Communities that support innovation have been referred to as Communities of Innovation (CoI),Communities for Innovation,Innovation Communities,Open Innovation Communities,Communities of Creation.
Coakes and Smith (2007) define Communities of Innovation (CoI) as a form of Communities of Practice that are dedicated to the support of innovation. They suggest that CoI can be formed from champions of innovation and their social network and that CoI are safe places for the creation and support of innovatory ideas. COI are groups made up of motivated individuals working together towards a common goal, not because of orders from their superiors, but because they are convinced of their common cause.
Sawhney and Prandelli (2000) proposed the model of Communities of Creation as a new governance mechanism for managing knowledge found in different companies for the purpose of innovation. Intellectual property rights are considered to be owned by the entire community although the community is governed by a central firm which acts as the sponsor and defines the ground rules for participation. This model lies between the closed hierarchical model and the open market-based model.
These are Communities that take total financial, administrative and operational control over the development of their communities. Democratically elected and answerable to the whole community. It is simply an extension of the community saving societies that have existed for centuries. The prime objective is sustainable environmental and social development controlled by the skills and finance available. It provides employment, improves the future prospects for all participants and their children, and injects a sense of pride and achievement. Using locally available materials linked to new environmentally friendly cost effective construction materials will produce affordable housing, schools and roads.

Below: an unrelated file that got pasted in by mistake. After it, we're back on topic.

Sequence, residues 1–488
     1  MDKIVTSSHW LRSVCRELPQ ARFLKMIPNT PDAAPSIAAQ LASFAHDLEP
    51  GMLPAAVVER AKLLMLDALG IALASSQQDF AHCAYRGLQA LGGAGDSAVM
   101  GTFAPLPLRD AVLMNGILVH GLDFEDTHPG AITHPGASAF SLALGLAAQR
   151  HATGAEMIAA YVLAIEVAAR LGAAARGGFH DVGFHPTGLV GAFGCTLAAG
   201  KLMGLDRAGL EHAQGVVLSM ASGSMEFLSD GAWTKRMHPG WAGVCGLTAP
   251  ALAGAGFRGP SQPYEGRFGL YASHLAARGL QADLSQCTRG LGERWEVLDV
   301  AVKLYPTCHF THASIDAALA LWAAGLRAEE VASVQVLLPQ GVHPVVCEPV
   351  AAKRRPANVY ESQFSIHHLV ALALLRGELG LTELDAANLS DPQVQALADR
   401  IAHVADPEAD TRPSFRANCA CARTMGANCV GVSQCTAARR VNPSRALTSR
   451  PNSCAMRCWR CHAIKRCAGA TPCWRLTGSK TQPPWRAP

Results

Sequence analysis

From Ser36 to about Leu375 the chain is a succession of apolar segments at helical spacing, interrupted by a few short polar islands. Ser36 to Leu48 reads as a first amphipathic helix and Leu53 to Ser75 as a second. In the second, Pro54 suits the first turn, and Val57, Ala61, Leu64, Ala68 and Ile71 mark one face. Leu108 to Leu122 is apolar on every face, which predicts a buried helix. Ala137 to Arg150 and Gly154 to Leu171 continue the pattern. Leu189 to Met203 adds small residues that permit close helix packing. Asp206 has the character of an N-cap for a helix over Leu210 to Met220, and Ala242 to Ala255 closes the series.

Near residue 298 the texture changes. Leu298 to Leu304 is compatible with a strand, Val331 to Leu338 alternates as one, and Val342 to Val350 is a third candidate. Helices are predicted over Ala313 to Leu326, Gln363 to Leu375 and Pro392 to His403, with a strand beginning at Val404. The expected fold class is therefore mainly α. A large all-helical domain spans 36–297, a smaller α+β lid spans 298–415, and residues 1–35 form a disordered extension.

Traditionally, the company is the most efficient mean of managing knowledge belonging to different people. The primary motivation is job security, career advancement and recognition. Lee and Cole (2003) argue for a community structure for knowledge creation that crosses firms' boundaries. To substantiate their argument they put forth the case of how "thousands of talented volunteers, dispersed across organizational and geographical boundaries, collaborate via the Internet to produce a knowledge-intensive, innovative product of high quality," the Linux kernel (Lee and Cole 2003, p. 633). The Linux community has proved to be a very efficient mean of managing knowledge belonging to different people. The primary motivation is value system, recognition and potential career advancement or hop. Lee and Cole (2003) argue that research on knowledge management has to date focused on hierarchy and therefore has not adequately addressed the mobilization of distributed knowledge, knowledge that is dispersed among many people. They note that, as illustrated by the Linux case, "the advent of the Internet and Web-based technologies has enabled specialized communities to convene, interact, and share resources extensively via electronic interfaces," even across firms' boundaries (Lee and Cole 2003, p. 633). People are able to contribute effectively outside their working hours. coordination of the work (including feedback) is possible even when people are working from different locations. The catchment area is therefore much larger and the critical mass of software engineers required to develop and maintain the Linux project was therefore achievable.
Successful COIs increase innovations within an organization. They therefore have the potential to contribute to organizational ambidexterity, which refers to the organization's dual capabilities of managing current business and being flexible and adaptable to meet future changes and demands.
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